Commencement Remarks – Beth B. Burton
Carden Memorial School
June 2, 2011
I consider it a privilege and honor to have been asked to speak at these commencement exercises today. Preparing for this occasion has brought with it delightful hours of reflection on many years of sweet experiences at Carden School.
We first became acquainted with Carden School in 1975. Our oldest child, Tom, had just turned five, and the over-crowded, pod-type classroom, split-session schools in Sandy were just not a viable option for us. What a joy and blessing it was for our family to learn of Mae Carden and Mr. and Mrs. Jeffs.
All four of our children were blessed with the wonderful foundation of a Carden education, which tradition has continued with our grandchildren. At one time we had twelve grandchildren attending Carden at the same time. Needless to say, during that period, it was a rare Friday that I did not have someone presenting something in a devotional. Devotionals are one of my favorite things about Carden. I love to see these beautiful children dressed in their uniforms, filing into the auditorium in such an orderly manner while Mrs. Jeffs plays the organ. I love the prayers, the pledges of allegiance, the scriptures, meditations, triads, patriotic thoughts, poems and songs. I love it when Mr. Taylor says, “Mr. or Mrs. Jeffs. Do you have something you would like to share?” When he says that, I think to myself, “Say yes; say yes,” because I know we will then feast on those amazing, spontaneous words of wisdom and inspiration from Mr. and Mrs. Jeffs. The pattern is wonderful – first there is commendation for the students who have participated in the devotional, then come the thoughts and insights for that week. I love it!
I had the great privilege of meeting Mae Carden when she visited the school many years ago. I found that she and Mrs. Jeffs share many wonderful attributes. Both of them are dignified and refined. They are very intelligent as well as very wise, religious and patriotic. The list goes on and on, but I believe my favorite attribute is the gift and insight they both have of knowing intuitively what is best for a group of children and for each individual child.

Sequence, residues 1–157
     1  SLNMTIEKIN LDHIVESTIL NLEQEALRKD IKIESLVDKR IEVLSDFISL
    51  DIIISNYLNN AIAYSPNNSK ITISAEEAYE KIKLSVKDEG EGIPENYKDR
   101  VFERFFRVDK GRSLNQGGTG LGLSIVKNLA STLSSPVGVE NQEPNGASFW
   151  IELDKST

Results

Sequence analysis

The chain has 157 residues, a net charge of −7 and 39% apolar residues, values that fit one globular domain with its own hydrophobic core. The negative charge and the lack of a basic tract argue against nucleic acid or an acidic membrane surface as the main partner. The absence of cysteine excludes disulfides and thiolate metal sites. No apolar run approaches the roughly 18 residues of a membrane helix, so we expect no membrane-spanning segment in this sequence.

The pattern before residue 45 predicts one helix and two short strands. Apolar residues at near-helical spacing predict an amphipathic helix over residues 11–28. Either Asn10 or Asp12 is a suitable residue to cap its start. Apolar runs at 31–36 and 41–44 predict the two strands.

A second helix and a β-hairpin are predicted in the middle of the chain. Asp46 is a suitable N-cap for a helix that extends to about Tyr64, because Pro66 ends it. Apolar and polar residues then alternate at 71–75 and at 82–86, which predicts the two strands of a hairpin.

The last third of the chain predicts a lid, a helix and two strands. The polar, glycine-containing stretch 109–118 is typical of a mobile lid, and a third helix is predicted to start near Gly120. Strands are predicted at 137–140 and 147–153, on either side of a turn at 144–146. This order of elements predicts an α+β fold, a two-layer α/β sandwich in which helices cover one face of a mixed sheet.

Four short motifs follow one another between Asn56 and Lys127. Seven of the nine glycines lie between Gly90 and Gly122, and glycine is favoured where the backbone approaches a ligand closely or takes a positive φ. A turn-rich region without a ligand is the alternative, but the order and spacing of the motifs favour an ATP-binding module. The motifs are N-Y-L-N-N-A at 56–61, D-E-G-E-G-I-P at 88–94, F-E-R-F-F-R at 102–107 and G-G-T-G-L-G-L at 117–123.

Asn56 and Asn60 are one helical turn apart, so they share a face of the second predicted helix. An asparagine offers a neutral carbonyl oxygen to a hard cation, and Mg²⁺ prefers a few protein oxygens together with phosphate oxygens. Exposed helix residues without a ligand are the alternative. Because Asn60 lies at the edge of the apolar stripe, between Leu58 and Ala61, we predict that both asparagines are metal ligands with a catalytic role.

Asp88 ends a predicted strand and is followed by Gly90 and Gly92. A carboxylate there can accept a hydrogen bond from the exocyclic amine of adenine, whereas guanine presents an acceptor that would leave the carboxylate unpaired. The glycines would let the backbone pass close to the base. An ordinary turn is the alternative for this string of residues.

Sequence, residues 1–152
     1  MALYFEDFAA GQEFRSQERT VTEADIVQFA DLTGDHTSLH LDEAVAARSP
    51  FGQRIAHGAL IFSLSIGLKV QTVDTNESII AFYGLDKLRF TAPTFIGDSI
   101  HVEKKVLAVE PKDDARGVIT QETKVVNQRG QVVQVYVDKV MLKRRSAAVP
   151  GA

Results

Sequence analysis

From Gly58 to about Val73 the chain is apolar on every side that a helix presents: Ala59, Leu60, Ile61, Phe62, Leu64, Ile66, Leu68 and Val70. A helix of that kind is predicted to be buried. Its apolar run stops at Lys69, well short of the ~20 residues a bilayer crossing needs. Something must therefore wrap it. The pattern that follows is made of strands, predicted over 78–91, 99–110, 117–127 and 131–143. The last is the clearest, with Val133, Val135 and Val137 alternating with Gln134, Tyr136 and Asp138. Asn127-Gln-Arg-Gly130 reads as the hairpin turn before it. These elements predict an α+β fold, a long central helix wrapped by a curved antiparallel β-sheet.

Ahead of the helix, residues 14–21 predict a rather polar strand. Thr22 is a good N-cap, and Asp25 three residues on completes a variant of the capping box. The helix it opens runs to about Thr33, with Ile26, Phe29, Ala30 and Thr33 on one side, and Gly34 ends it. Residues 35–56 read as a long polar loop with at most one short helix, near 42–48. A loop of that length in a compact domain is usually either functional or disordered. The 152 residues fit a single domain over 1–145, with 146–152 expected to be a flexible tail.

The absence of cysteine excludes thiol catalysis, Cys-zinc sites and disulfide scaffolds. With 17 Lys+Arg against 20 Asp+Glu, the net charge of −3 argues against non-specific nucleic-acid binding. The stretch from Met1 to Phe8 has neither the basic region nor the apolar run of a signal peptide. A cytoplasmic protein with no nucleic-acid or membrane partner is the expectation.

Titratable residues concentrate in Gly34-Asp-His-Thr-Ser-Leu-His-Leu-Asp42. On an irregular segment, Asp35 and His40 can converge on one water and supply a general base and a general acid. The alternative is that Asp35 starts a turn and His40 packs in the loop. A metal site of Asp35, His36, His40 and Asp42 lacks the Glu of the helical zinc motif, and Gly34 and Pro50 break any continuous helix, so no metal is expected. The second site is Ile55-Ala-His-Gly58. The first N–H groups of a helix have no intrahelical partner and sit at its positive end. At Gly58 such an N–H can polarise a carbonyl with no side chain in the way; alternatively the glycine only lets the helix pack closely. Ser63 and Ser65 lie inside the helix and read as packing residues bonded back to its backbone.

May I illustrate what I am saying with a personal experience? When our youngest son, Daniel, at age four emerged from his admission interview with Mrs. Jeffs, he was just beaming because of his love for Mrs. Jeffs. I heard all about her bowl of beads she asked him to count, the math games they played, her wonderful smile and kind voice. But most important of all, Daniel knew how interested she was in him.
On Daniel’s first day of Junior K, there were brand new crayons at each of the children’s tables. Daniel proceeded to break the crayons in half, reasoning that by doing so there would be twice as many crayons for everyone. Just as he was poised to break another one, his teacher told him to stop breaking the crayons, adding that if he broke another crayon he would have to go see Mrs. Jeffs. Well, the teacher could not have provided a greater incentive for him to break the crayon than to promise him an opportunity to visit with Mrs. Jeffs again. So…snap…He broke the crayon and was promptly on his way to Mrs. Jeffs’ office. Later that day when I asked Daniel whether Mrs. Jeffs got mad at him, he replied, “Oh, no. We had a lovely chat.” At the end of it, she said, “Now, Daniel. Please don’t break the crayons in half any more.” Daniel agreed and never broke another crayon. Yes, Mrs. Jeffs has a definite gift in dealing with children in kindness and love.
We live in a world today where the definition of a hero has been greatly distorted. God-fearing, righteous and noble individuals are often belittled and ridiculed. Mae Carden and Mr. and Mrs. Jeffs are true heroes of mine. Their motivation was pure and unselfish in establishing the Carden method of teaching nationwide and in founding the Carden Memorial School here in Salt Lake City. They saw a great and important need. They certainly did not seek worldly fame or recognition, nor were they aspiring to great wealth. Their motivation was a genuine love for children, for God, for our country and for the value of the right kind of education.